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The Governess Wears Scarlet
The old restlessness was upon him again like a serpent uncoiled from sleep and ready to strike. It did not matter that he was a gentleman with influential friends and important connections. It was of no consequence that he had a shiny new title that he'd finally managed to secure after years of peddling himself like a whore with the rent overdue. Here he was once more, prowling the streets of London in search of the justice he so desperately longed to mete out.
He recognized that he was up to his old tricks again partly in response to the frustrations of his daily profession. Being one of the most powerful barristers in England should have been satisfying enough to quench his thirst for justice. But lately the wheels of justice seemed to turn torturously slow. Endless politics interfered; the administrative bureaucracy prolonged even the simplest of cases. And when he'd tried to speed things along, he'd run into even more hurdles . . .
Here on the streets, things were simpler. Right and wrong could be easily judged and justice meted out with striking efficiency. If thieves robbed a gentleman too deep in his cups, he could chase them down and "convince them" to return the booty. If a gang attacked a woman, he could intervene and stop the assault, making sure that the men saw the error of their ways. If knaves plotted to kill the Prince of Wales, he could track them to their lair, gather the evidence, and gain confessions, all without undue complications.
After that particular intervention, he couldn't tell whether the prince had been happier that the plot had beenupset or that it had been thwarted without public notice. The Prince of Wales had very quickly and quietly granted him the title of viscount, making the night-prowling barrister into the first Viscount Steele.
In the swirling darkness of the fog-shrouded night, Steele barely withheld a snort. The irony was not lost on him. After years of striving to become the titled noble his dear Deidre had deserved him to be, he'd achieved his ambition through the vigilante work that he'd given up for her.
The image of Deidre's ethereal beauty rose up in his mind like a specter to haunt him. With her lovely dark curls, brown eyes, and milky white skin, she'd been the epitome of a refined English miss. Too bloody refined for a rough-edged country bumpkin like me. But, oh, how he'd loved her from the moment he'd laid eyes on her. He had thanked the gods a thousand times since for that rainy night when her carriage had been attacked by a highwayman. He had always relished being a Sentinel, one of the band of brothers that kept the country safe from outlaws, but until that night it had never felt like his destiny calling.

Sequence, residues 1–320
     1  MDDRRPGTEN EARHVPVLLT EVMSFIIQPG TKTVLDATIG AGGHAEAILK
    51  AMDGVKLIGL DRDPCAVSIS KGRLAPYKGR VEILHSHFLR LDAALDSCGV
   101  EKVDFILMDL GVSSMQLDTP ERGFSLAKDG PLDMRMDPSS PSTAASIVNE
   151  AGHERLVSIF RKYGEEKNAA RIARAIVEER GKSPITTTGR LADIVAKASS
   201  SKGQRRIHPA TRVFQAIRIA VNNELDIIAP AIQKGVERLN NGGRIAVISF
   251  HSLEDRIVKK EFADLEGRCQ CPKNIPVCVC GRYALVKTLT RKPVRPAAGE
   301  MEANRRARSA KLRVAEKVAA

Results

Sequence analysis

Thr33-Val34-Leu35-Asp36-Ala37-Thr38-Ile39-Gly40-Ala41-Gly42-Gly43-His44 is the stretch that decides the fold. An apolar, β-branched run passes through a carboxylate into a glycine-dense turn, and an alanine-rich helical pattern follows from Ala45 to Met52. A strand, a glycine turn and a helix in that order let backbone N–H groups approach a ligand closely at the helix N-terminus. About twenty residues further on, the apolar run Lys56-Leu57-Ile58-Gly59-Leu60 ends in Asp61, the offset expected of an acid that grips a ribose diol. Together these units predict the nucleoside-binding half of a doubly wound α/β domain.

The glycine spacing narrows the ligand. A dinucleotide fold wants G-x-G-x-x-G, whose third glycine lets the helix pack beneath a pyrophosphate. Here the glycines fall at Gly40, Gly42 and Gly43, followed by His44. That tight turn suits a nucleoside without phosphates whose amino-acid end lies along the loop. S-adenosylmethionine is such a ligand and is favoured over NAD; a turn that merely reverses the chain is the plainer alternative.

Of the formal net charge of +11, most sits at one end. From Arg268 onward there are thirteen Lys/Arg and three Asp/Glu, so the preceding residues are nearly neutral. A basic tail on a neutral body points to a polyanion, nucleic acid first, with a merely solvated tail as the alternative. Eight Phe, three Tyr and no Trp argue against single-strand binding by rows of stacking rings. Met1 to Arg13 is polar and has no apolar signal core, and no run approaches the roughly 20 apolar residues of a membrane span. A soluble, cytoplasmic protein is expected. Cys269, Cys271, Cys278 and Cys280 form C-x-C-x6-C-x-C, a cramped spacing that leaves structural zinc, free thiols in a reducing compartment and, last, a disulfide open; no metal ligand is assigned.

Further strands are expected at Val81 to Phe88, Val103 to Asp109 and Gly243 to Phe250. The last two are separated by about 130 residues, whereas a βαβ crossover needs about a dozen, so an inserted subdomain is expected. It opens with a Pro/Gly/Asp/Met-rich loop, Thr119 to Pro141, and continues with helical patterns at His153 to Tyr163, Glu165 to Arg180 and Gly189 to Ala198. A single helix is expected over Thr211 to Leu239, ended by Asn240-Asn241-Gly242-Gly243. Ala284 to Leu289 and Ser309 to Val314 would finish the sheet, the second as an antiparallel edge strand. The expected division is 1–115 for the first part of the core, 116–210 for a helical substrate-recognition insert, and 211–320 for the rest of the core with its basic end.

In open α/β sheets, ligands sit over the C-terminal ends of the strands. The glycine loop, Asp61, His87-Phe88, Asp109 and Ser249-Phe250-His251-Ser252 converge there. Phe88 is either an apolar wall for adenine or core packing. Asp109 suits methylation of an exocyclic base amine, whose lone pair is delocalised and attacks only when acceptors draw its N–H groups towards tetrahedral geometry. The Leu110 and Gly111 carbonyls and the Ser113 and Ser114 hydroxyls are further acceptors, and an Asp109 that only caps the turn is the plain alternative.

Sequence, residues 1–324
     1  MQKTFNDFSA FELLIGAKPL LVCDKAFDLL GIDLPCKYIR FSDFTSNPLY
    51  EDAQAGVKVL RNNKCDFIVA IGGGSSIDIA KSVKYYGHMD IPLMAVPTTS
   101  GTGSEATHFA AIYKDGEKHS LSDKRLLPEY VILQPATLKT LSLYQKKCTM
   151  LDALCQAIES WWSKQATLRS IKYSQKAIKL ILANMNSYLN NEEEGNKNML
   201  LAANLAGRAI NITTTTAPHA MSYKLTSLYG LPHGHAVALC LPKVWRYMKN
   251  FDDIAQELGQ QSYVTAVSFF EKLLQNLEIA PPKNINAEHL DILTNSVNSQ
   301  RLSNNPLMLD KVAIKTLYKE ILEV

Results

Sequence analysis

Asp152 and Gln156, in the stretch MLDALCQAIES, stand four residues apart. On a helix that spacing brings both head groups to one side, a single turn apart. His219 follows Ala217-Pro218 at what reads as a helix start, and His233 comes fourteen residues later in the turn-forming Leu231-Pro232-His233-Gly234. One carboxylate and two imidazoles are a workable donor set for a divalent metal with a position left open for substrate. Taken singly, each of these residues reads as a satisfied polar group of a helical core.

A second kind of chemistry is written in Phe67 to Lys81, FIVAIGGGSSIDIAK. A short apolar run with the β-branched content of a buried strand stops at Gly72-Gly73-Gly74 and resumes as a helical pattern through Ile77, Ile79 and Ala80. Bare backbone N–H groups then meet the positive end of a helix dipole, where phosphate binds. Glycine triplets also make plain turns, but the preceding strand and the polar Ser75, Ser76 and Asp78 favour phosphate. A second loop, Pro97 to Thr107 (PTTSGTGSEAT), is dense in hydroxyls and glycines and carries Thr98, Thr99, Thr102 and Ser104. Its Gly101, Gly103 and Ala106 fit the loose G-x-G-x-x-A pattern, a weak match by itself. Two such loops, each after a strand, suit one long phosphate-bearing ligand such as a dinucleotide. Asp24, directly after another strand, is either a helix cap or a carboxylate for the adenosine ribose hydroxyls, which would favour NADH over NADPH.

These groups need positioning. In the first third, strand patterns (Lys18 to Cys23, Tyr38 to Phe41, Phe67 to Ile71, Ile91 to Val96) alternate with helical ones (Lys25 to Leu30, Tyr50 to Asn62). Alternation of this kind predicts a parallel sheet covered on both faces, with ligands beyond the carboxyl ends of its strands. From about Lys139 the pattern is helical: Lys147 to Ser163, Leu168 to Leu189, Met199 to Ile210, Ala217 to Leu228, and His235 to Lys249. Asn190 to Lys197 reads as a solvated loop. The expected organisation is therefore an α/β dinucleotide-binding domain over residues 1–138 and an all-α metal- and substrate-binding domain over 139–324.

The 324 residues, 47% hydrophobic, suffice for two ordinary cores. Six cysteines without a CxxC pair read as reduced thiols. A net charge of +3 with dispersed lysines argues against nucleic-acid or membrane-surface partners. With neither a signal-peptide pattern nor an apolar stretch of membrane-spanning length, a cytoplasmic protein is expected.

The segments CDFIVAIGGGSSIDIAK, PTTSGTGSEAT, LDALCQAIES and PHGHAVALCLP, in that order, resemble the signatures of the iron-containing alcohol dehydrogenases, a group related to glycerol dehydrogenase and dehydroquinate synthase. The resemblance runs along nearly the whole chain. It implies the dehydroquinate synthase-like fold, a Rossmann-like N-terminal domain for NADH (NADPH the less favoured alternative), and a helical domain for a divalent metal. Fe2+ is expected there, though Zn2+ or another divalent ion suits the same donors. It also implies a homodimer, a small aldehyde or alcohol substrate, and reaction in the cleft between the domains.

Yet the very occupation that had led him to Deidre was what he'd given up to claim her hand. And he'd surrender it all a thousand times again if he could have her back beside him.
The familiar grief constricted his chest like a vise. It had been eight years and nine months since her death, and to his utter shame, her features grew hazier with each passing year. The terrible sense of loss was still there, though.
Sighing, he welcomed the ache, knowing that he deserved it since he'd caused the end of her tragically short life. If he'd been the kind of man she'd deserved, they wouldn't have had to hide their love and meet secretly. If only he'd been the man he was today.
"The Viscount Steele." His voice was a rasping whisper even to his own ears. He looked about the empty street of Charing Cross, glad that no one was around to hear him exercise his new title.
This was not his first new identity. He wondered if it would be his last. As a testament of his love for Deidre, he'd changed his name, expunged his past, and cut himself off from his only family, the Sentinels, who had welcomed him as a brother. She hadn't asked him to do it, but she'd been delighted. She'd wanted—hell, had deserved—a better man than he'd been born to be. So he'd become another. For her. He'd become Mr. Dagwood, barrister. If only she'd been alive to see him rise to become Solicitor-General of England.
Now he was the Viscount Steele. He wondered what she'd say.
A viscount doesn't walk the streets of the worst neighborhood in town, dear. He could hear Deidre's honey-sweet voice.
As he adjusted the black scarf higher over his mouth to mask his features, he whispered to the darkness, "I'm no bloody viscount and you know it."
Then who are you? the shadows taunted.
He had no answer for them.
The moonlight barely bathed London's rooftops in an eerie gray glow as Miss Abigail West entered the alleyway to meet the woman who was supposed to have information about her wayward brother.
The fog was thick and the air damp enough to permeate her veil. She was thankful for the anonymity the widow's costume gave her, knowing that if anyone in society knew that she traveled the streets of London at night, she'd never secure a position, and she was in desperate need of a job. Moreover, no one could know that she was related to a fugitive from the law.
Despite those initial reasons for donning her widow's attire, she couldn't deny that pretending to be someone else gave her added courage. In Abigail's mind, widows seemed freer from the constraints of society and tended to have a confidence that she longed to possess.
Abigail's footsteps were muffled by the soft kid lining the bottom of her boots as she approached the woman the street urchin had assured her could be of help. She was a barmaid, the urchin had said, and knew many of the goings-on in this part of London.The Governess Wears Scarlet. Copyright © by Sari Robins. Reprinted by permission of HarperCollins Publishers, Inc. All rights reserved. Available now wherever books are sold.